Sunday 24 March 2024
After a night of continual revellery, by many of the younger contingent, we were able to arise at a decent time and head off to the next campsite at Narawntapu National Park. Not far down the road, and within the precinct of Preston, Ian got breathalysed. Good boy Ian was sent on his way after discussions about Marmalade. He loved the colour and had not seen another like it. He said he would keep an eye out for us on the road. We did tell him it's the only one in Australia. Our campsite in the National Park is actually Springlawn campground. Currently $16 a night which includes power hookup, and an ablution block with flushing toilets and $2 showers lasting 4 minutes. Water tap is available, but they suggest boiling it, so we are just using it for essentials like washing up etc.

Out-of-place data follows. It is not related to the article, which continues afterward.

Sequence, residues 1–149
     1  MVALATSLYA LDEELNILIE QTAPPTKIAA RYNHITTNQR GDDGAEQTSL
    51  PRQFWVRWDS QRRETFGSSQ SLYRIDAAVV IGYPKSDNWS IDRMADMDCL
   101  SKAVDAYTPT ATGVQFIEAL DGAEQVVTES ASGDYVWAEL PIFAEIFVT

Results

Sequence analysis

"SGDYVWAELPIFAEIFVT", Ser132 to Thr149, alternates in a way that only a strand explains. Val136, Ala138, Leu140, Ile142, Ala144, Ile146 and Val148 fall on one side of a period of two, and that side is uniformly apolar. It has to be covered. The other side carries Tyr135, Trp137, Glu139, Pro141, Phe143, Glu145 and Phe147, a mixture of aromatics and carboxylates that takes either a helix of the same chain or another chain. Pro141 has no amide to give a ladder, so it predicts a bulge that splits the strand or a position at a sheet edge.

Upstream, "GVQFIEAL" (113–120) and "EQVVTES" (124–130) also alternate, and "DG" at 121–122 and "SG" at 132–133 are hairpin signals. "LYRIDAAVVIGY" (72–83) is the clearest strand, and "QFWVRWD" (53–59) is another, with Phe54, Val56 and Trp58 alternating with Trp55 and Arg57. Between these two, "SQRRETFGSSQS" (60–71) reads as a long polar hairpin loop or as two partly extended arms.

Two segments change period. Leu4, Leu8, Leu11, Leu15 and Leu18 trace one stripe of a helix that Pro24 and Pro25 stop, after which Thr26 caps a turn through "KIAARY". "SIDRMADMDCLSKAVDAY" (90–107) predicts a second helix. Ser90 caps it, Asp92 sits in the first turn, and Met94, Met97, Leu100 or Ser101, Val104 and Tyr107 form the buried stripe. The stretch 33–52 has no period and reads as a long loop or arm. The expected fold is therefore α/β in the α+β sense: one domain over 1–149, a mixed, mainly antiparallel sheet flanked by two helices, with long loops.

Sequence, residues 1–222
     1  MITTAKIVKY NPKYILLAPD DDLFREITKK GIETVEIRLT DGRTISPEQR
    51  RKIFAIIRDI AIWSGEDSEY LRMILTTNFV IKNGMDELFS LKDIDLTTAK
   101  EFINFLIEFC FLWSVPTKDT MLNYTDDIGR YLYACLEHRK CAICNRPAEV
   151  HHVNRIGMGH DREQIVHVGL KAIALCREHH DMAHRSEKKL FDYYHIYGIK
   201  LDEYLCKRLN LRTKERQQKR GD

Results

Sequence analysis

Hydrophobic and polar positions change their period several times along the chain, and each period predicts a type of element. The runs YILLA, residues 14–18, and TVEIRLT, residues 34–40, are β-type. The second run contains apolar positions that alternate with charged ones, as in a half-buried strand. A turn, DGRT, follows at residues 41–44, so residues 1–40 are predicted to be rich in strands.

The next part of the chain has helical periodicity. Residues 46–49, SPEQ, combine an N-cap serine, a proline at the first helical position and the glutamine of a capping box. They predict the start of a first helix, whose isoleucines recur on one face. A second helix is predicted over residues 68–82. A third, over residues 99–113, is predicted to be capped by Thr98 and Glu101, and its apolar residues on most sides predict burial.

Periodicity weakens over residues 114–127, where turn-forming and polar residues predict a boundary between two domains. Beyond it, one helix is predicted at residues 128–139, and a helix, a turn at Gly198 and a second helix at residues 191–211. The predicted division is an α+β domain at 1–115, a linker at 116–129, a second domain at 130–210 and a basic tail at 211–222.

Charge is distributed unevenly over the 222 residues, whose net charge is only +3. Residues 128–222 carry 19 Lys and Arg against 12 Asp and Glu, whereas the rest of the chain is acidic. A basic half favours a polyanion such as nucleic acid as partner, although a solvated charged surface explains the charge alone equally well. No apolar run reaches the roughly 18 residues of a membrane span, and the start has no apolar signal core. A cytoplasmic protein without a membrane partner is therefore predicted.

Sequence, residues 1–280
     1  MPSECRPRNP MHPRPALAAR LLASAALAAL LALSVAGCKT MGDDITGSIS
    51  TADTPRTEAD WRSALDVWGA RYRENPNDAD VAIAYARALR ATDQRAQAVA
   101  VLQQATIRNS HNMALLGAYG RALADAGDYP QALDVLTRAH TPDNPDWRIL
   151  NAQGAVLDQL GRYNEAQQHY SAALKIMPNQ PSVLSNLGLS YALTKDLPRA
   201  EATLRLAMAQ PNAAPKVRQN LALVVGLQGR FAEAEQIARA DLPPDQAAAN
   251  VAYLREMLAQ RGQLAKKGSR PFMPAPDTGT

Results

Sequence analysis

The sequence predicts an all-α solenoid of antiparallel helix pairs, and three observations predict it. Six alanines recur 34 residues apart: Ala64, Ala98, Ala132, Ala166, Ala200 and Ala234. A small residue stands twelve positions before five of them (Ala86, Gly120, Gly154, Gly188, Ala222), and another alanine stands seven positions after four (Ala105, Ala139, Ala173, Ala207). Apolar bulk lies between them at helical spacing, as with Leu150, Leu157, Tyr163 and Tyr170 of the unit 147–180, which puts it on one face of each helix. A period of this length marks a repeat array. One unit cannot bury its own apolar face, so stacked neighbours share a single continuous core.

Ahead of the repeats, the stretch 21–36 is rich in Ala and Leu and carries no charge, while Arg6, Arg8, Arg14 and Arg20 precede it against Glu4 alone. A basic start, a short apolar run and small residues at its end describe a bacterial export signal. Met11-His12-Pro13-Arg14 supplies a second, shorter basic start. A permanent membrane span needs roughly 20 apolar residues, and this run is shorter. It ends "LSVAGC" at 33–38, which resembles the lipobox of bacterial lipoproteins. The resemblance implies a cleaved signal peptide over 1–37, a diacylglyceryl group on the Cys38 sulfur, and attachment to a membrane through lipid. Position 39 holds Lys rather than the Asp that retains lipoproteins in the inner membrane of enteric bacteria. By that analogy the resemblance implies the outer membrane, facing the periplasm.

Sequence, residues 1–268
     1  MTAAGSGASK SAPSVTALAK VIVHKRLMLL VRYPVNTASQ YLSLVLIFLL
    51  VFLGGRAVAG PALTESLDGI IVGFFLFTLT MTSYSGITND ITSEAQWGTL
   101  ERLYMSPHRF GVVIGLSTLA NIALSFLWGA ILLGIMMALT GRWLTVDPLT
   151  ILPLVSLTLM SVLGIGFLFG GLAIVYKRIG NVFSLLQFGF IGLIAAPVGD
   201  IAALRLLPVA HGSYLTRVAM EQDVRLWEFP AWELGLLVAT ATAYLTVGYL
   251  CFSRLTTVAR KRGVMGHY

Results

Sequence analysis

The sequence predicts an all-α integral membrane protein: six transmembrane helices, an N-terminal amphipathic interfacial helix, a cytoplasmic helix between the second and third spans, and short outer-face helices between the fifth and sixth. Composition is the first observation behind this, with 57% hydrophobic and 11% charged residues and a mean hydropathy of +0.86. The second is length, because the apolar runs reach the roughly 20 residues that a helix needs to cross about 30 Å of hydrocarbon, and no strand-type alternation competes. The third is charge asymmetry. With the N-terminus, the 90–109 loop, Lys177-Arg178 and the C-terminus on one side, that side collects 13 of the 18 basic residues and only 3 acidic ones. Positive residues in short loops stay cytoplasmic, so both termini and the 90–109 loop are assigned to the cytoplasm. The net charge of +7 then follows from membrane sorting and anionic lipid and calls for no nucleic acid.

Apparently we might hear Tassie Devils but most likely won't see them, as they are shy. Uni of Tasmania come to the park on a regular basis for a few weeks at a time to trap, tag and collate data about the Tasmanian Devil population.
We got to see a few other bits of fauna so far including birds, Pademelon, wallabies and kangaroos.
Late afternoon it was time for a nice stroll along the long, windswept, but sandy beach.
An evening for a full moon, over the top of the caravan.

Monday 25 March 2024
A nice lie in bed before a trip out to Port Sorell and Hawley Beach. We had to stop to see these mailboxes.
As we drove through Port Sorrell we came across this street Library that Ian was very impressed with how attractive and functional this Library really was.
Hawley Beach looks like an old beachside shanty town that has been discovered, so now many of the original 'shacks' have been renovated or demolished, and mansions built to take advantage of the beach location.
The beachside was impressive.
Our return trip to the campsite took us past a lovely fixer upper, complete with an old Hills Hoist in the yard. It even has a boat in the yard ready for those fishing evenings on the Rubicon River.
We took another diversion on the way to camp, this time to a place called Squeaking Point!